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Intensely Family: The inheritance of family shame and the autobiographies…
by Carol Holly
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Amazon.com Product Description (ISBN 029914724X, Paperback)In 1911, at the age of 68, Henry James began A Small Boy and Others with the intent of writing a memoir of his brother William and other members of his family. Within months, however, James's interest in others was replaced by a desire to trace his personal development. Subsequently, he began a lengthy examination of both his own past and the psychological heritage of the James family in a two-volume autobiography, A Small Boy and Others and Notes of a Son and Brother. Through the process of writing his autobiography, James maintained that "at every step of the process [he was becoming] . . . more intensely 'family.'" Documenting the rich connotations of James's phrase "intensely 'family,'" Carol Holly examines the shamebased psychology bred by his parents and the impact of that psychology on James's literary career. Interpreting the act of autobiography as a biographical event, Holly also draws on a collection of James's largely unpublished correspondence with his sisterinlaw and nephew from the period when he was writing A Small Boy and Notes . She provides a contextual interpretation of the autobiographies and offers a detailed look at the complex emotional life of James the autobiographer.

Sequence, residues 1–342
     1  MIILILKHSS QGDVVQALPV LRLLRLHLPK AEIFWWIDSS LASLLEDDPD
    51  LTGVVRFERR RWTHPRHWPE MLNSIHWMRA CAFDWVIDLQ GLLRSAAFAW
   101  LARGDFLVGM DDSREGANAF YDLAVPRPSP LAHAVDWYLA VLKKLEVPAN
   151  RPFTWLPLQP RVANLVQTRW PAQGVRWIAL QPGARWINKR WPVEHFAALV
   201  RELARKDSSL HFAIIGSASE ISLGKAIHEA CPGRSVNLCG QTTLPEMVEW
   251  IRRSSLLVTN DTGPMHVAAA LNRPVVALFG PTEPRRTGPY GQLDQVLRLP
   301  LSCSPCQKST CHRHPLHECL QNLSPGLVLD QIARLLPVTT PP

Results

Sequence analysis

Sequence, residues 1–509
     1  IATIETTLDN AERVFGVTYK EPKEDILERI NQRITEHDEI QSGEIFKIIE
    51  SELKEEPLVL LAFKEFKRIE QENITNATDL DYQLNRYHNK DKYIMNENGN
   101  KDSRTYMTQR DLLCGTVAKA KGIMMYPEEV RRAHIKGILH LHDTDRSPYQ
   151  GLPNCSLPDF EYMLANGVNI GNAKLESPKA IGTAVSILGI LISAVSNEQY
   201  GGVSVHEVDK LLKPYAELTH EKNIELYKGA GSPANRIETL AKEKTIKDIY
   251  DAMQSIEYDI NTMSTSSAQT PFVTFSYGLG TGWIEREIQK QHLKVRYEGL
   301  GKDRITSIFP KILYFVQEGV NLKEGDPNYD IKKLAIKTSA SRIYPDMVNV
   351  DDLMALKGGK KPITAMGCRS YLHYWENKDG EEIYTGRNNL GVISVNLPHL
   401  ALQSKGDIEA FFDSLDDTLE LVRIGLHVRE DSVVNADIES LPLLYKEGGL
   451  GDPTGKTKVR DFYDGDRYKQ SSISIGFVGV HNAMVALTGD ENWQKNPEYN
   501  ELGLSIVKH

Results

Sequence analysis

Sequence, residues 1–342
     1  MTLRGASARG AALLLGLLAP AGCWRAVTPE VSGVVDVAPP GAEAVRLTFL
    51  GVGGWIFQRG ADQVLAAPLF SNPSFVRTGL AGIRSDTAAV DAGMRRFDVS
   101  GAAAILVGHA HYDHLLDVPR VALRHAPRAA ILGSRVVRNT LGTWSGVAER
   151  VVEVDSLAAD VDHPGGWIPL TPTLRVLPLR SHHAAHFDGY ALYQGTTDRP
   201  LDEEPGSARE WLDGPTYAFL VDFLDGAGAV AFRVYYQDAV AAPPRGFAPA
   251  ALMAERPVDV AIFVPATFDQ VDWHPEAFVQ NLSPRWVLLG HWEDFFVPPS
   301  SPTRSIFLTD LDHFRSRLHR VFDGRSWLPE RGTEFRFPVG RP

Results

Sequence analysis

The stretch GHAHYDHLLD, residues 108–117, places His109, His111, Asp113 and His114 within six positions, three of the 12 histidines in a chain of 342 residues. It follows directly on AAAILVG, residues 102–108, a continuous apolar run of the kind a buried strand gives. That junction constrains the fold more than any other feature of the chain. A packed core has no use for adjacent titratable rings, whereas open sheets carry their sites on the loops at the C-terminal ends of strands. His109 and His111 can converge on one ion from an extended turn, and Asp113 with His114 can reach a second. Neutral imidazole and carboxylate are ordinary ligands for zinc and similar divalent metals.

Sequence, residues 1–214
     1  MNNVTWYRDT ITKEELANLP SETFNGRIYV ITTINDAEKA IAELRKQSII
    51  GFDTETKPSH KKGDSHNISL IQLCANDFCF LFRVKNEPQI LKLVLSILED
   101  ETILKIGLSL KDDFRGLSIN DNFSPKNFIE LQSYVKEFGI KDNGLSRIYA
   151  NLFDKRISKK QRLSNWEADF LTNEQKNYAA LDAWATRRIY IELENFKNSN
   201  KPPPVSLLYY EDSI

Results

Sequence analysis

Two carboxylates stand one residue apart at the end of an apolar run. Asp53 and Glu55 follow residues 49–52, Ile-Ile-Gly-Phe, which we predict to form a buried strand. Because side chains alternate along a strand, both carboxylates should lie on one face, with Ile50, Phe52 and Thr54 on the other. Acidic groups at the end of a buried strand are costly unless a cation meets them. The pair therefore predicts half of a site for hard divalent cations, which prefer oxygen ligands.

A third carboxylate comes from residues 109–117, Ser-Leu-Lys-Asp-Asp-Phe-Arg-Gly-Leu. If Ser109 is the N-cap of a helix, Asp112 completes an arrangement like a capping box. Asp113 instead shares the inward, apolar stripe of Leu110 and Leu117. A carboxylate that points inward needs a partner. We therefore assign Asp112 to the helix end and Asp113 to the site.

(retrieved from Amazon Thu, 12 Mar 2015 18:20:49 -0400)
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